As the Taliban gears up to take control of Afghanistan, here’s a look at who controls what in the group:
Mawlawi Haibatullah Akhundzada
Akhundzada has headed the Taliban since the death of the second Taliban leader, Mullah Mansour, who was killed in a US drone strike in 2016. His public profile largely limited to the release of annual messages during Islamic holidays.
He heads the political commission of the Taliban. He had been released from a Pakistani jail after eight years of imprisonment, ahead of the US-Taliban talks. He had then proceeded to operate from Doha, the capital of Qatar, from where he had led the Taliban’s negotiation with the US.
He is the son of Mullah Omar and is widely considered as the future supreme leader of the Taliban. In 2016, he had been offered the responsibility of heading the outfit, which he declined. He is the commander of the military operations of the Taliban. He is also in charge of ideological and religious affairs.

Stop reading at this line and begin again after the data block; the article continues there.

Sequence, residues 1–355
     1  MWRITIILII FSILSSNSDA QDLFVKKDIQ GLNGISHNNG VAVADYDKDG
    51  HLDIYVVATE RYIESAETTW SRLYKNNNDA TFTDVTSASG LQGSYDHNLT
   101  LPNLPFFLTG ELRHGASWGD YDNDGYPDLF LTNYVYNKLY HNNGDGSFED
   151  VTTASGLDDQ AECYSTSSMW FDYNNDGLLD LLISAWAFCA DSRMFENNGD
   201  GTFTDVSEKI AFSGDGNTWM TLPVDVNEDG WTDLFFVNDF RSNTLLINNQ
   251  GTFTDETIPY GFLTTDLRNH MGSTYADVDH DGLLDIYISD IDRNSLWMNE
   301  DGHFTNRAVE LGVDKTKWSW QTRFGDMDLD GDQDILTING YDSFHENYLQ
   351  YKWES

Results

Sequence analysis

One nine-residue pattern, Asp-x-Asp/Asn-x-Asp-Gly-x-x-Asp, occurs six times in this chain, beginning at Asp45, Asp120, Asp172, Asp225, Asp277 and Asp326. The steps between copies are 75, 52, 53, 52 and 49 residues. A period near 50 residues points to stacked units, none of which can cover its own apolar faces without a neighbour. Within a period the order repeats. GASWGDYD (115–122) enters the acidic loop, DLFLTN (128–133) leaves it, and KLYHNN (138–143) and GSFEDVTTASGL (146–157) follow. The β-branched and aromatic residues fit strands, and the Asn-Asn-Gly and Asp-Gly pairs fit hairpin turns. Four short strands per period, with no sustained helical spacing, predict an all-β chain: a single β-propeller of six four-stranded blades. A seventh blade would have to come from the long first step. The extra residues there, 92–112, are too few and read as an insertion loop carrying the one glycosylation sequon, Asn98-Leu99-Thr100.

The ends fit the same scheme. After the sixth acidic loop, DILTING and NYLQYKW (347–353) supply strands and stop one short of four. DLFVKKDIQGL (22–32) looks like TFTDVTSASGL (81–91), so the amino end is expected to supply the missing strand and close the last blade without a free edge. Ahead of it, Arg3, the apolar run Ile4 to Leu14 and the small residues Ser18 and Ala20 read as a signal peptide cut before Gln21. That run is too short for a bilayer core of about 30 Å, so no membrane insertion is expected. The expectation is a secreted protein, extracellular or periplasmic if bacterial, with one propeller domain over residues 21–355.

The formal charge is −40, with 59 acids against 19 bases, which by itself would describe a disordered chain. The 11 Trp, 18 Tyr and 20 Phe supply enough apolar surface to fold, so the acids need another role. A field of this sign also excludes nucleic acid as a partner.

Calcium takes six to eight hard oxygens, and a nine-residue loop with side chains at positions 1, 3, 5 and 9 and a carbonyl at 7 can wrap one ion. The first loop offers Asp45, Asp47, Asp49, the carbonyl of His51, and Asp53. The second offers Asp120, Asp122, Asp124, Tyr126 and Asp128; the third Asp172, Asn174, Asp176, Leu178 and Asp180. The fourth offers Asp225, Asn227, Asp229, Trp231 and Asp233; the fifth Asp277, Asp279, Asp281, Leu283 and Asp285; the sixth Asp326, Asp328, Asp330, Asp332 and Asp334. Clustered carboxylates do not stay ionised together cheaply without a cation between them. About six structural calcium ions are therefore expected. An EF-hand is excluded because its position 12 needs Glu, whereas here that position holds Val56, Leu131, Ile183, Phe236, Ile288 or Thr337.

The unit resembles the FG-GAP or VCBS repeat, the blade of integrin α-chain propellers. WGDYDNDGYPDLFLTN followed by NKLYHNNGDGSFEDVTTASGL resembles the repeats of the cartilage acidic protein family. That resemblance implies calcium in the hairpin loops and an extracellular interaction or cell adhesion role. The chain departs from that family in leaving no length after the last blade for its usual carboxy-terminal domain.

Sher Mohammad Abbas Stanikzai
He is the Taliban’s head of political office in Doha, and tipped to be the foreign minister of Afghanistan. Stanikzai passed out from the Indian Military Academy in India and moved to join the Afghan Army where he served for over a decade, fighting the Afghan Soviet war. He joined the Taliban in 1996 after the Soviets retreated. The 58-year-old Pashtun can speak five languages and has served as Taliban’s Political Office chief from 2015-2019.
He heads the Haqqani Network, a terror group proscribed by various international agencies and known as the sword arm of the Taliban. In August 2015, Sirajuddin was named as a deputy to newly-appointed Taliban leader Mullah Akhtar Mohammed Mansour – cementing the alliance between the Haqqanis and the Taliban.
Mullah Abdul Hakeem Ishaqzai
He is a hardline cleric who ran an Islamic seminary in the Ishaqabad area of Quetta, which had earlier been functioning as the Taliban headquarters. He was part of the 21-member Taliban team that set the terms of the peace talks.